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Tuesday, 21 September 2021

Egypt's Mostaqbal Watan-led coalition wins half of new parliament's seats

The coalition has secured an easy win of 284 seats reserved to four-party list districts, thus getting half of parliament's seats.

Gamal Essam El-Din , Monday 16 Nov 2020
Mostaqbal Watan
Egypt's Mostaqbal Watan
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Results announced by Egypt's National Elections Authority on Sunday showed that the pro-government Mostaqbal Watan (Nation's Future) party-led coalition was easily able to win 284 seats reserved to four-party list districts in the two-stage polls.

In the first stage, held between 21 and 25 October, the coalition won 142 seats contested in two-party list districts: North, Middle, and South Upper Egypt (100 seats) and Western Delta (42 seats).

In the second stage, held between 4 and 8 November, the coalition got another 142 seats in additional two-party list districts: Cairo, North, Middle, and South Delta (100 seats) and Eastern Delta (42 seats).

The above figures mean that the Mostaqbal Watan-led coalition has already won half of the new parliament's 568-contested seats.

They also mean that the new parliament will not be much different from the existing one, as a big number of high-ranking MPs and heads of committees were able to retain their seats through the party lists.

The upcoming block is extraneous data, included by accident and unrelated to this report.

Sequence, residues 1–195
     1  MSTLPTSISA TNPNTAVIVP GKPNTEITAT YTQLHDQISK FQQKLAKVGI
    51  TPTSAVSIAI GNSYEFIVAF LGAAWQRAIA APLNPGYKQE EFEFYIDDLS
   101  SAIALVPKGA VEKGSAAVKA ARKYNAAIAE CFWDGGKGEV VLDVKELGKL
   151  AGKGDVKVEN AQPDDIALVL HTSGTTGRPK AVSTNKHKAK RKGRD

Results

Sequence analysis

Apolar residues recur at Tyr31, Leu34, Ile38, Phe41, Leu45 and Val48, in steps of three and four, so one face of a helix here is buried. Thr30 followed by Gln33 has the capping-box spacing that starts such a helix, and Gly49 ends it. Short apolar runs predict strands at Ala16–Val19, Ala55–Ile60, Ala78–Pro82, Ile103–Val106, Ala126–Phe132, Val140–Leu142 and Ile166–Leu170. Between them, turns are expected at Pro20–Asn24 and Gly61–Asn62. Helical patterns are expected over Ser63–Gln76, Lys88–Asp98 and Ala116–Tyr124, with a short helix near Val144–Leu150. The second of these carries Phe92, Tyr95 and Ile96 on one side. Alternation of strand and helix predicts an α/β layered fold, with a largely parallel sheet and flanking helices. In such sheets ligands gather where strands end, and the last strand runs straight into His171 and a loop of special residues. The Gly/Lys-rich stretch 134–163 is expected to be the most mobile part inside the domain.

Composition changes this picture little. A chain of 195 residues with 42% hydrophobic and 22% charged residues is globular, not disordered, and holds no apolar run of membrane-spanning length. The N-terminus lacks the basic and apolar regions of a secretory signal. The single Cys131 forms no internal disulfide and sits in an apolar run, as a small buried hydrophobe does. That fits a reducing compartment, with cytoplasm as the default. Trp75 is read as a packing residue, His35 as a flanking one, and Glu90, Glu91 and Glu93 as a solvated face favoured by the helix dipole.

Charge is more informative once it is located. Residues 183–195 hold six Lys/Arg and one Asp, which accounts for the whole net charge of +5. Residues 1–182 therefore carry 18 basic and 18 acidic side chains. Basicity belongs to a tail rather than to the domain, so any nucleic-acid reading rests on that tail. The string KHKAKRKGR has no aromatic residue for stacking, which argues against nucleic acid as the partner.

These include parliament speaker Ali Abdel-Aal; first deputy parliament speaker Mahmoud El-Sherif; second deputy speaker Soliman Wahdan; and leader of the majority and chairman of the Social Solidarity Committee Abdel-Hadi Al-Qasabi.

The list of the coalition's winners also include most of Mostaqbal Watan's senior officials such as the party's first deputy chairman and head of parliament's Sports and Youth Committee Ashraf Rashad; second deputy chairman and head of parliament's Human Rights Committee Alaa Abed.

They also include parliamentary spokesperson of the Mostaqbal Watan party Atef Nasr, with the chairmen of parliament's committees of religious affairs, telecommunications and information technology, education, and small-scale projects were also able to retain their seats.

The Mostaqbal Watan-led coalition in the four-party list districts faced symbolic and insignificant competition from three rival blocs which were little known to the majority of Egyptians.

Competition in the run-off rounds of the first and second stages of the election will be limited to individual candidates. Some 73 individual seats (32 of them in the first stage and 41 in the second) were filled.

The remaining seats – 211 – will be up for grabs in the run-offs. Some 110 seats will be contested in the run-off round of the first stage, scheduled to be held between 21 and 24 November in 14 governorates: Giza, Fayoum, Beni Suef, Minya, Assiut, El-Wadi El-Gedid, Sohag, Qena, Luxor, Aswan, the Red Sea, Alexandria, Beheira, and Matrouh.

Another 101 seats will be contested in the run-off round of the second stage, scheduled to be held between 5 and 8 December in 13 governorates: Cairo, Qalioubiya, Daqahliya, Menoufiya, Gharbiya, Kafr El-Sheikh, Sharqiya, Damietta, Port Said, Ismailiya, Suez, North Sinai, and South Sinai.

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